There are 50 states and 56 state museums. The District of Columba has one and 4 states have 2. The 4 are Kentucky, Louisiana, Maine, and Missouri.
Ruth & I have been in only 11 of them, so our goal is to visit more. The best one we’ve been in is California’s. Other very worthwhile ones are in Oklahoma, Illinois, and South Dakota. The worst, so far, is Oregon’s. Like most state museums, California’s is in its capital city, Sacramento. Oregon’s is one of only 2 that are not in the state’s capital. It’s in Portland and its permanent displays look like they haven’t been tended to in generations. The other state is where I currently live, Washington. Its state museum in in Tacoma, not Olympia.
Missouri has 2. The state museum is in Jefferson City and its history museum is in St Louis. The building containing the Missouri History Museum was originally built as the first national monument to Thomas Jefferson. This makes sense since the Lewis and Clark Expedition that Jefferson authorized began near St. Louis. The museum dedicated to Jefferson preceded the far more famous monument in Washington, DC, by many years. The later was dedicated by President Roosevelt in 1943 during World War II. The Jefferson Memorial Building in St. Louis was built from the profits resulting from its successful 1904 World’s Fair. JMB opened in 1913 and stands where the entrance once welcomed fair visitors in what is now Forest Park. Visitors saw wonders from around the world beyond a grand entrance, like the Blackwood and mother of pearl table below that was displayed in the Chinese Pavilion.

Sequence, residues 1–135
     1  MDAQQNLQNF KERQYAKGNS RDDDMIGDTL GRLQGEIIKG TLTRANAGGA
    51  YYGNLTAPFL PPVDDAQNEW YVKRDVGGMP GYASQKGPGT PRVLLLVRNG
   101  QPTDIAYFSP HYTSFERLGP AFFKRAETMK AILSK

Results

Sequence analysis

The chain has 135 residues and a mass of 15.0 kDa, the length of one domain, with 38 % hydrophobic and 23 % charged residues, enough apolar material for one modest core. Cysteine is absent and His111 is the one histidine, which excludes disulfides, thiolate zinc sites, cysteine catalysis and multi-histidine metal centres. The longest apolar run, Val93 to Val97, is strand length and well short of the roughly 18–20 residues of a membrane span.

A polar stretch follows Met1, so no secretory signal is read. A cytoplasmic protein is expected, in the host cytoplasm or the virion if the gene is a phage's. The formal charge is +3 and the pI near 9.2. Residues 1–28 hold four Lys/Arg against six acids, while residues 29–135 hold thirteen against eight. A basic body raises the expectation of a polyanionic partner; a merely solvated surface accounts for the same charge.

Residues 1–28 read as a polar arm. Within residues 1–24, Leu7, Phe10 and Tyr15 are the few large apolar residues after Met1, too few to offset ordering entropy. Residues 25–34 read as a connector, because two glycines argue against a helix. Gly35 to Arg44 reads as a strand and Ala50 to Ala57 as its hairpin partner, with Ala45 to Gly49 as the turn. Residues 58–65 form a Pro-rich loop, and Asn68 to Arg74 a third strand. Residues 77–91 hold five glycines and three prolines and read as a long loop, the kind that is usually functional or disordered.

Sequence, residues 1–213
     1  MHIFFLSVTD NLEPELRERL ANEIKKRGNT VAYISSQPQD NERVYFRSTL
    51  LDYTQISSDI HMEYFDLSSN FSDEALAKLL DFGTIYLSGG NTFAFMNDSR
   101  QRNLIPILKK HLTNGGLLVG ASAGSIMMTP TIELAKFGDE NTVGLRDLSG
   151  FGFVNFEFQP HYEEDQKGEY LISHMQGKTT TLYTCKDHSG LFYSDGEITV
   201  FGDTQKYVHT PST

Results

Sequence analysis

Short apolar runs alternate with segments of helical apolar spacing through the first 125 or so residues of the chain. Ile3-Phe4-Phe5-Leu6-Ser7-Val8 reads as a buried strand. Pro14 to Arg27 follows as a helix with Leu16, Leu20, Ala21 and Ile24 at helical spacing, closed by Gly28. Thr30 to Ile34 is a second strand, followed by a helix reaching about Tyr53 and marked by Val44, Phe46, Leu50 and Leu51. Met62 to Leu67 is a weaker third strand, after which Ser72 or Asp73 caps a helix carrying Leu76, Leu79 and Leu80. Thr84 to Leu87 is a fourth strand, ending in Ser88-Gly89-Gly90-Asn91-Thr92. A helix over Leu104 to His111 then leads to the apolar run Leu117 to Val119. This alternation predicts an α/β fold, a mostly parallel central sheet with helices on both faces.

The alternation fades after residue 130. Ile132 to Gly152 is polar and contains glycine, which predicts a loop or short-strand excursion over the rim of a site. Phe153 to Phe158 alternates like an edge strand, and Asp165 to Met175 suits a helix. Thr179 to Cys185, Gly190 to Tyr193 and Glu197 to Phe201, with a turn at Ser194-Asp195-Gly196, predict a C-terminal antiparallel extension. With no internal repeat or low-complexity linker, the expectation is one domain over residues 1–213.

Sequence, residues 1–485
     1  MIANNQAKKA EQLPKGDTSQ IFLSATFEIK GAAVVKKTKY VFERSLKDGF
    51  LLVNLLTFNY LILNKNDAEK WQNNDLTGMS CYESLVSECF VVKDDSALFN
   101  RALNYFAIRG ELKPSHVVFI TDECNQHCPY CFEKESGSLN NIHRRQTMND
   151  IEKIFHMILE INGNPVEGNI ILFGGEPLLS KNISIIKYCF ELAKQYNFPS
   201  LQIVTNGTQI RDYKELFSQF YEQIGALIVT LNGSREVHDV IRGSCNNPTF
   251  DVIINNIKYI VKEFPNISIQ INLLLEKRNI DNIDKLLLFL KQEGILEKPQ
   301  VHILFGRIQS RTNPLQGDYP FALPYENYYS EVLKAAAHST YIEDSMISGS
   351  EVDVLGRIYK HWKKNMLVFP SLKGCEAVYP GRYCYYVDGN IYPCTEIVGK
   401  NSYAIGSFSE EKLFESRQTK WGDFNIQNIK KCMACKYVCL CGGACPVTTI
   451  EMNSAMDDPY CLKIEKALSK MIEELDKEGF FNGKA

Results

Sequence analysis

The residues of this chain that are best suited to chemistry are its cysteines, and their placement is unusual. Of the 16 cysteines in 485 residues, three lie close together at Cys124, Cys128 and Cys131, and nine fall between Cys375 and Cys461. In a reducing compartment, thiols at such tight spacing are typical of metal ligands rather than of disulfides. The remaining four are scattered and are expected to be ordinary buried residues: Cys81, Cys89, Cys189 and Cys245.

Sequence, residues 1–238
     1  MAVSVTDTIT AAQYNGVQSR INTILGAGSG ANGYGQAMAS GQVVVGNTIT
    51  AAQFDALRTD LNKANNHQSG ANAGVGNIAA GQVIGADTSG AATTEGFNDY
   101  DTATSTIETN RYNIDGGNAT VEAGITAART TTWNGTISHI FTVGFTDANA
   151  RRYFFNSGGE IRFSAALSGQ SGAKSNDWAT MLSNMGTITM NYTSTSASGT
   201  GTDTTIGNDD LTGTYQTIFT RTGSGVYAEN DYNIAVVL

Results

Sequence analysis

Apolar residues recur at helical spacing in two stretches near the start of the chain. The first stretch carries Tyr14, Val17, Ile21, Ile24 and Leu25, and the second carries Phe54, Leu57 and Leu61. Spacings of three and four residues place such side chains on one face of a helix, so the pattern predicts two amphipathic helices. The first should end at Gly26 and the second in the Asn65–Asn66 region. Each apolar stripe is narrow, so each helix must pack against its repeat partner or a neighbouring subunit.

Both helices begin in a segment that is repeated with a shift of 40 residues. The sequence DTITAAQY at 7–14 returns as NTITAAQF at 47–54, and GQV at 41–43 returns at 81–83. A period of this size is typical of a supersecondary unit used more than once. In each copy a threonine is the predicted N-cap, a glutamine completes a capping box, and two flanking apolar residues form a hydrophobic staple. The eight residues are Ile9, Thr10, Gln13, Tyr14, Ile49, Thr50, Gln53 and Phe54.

JMB’s Thomas Jefferson statue is now in the Missouri History Museum between its permanent exhibits. One exhibit is entirely, and not unexpectedly, dedicated to the World’s Fair. The other is an eclectic collection of pictures and memorabilia about natural and not so natural disasters that affected this city. The natural included a historic earthquake and some tornados. There were Lewis and Clark artifacts, info about the Cardinals, etc.
The most famous artifact on display in this free museum is a replica of The Spirt of St. Louis, the plane that Charles Lindbergh flew across The Atlantic. The original is, of course, in the Smithsonian. Used in the 1957 Jimmy Stewart movie The Spirit of St. Louis, this mostly wooden replica shown above has hung in the Missouri History Museum since the year 2000.
This museum speciality is excellent temporary shows. Opening October 29, 2016, is “Toys of the 50s, 60s, and 70s”. It will be in MHM until January 22, 2017. The other, which we did see, was unique, wonderful, and nostalgic. Called “Main Street Through St. Louis”, it’s about Route 66’s considerable impact on this city. It will be there until July 16, 2017, so you have plenty of time to see it, and I imagine that Ruth and I will visit it again. I’ll tell a bit about it tomorrow.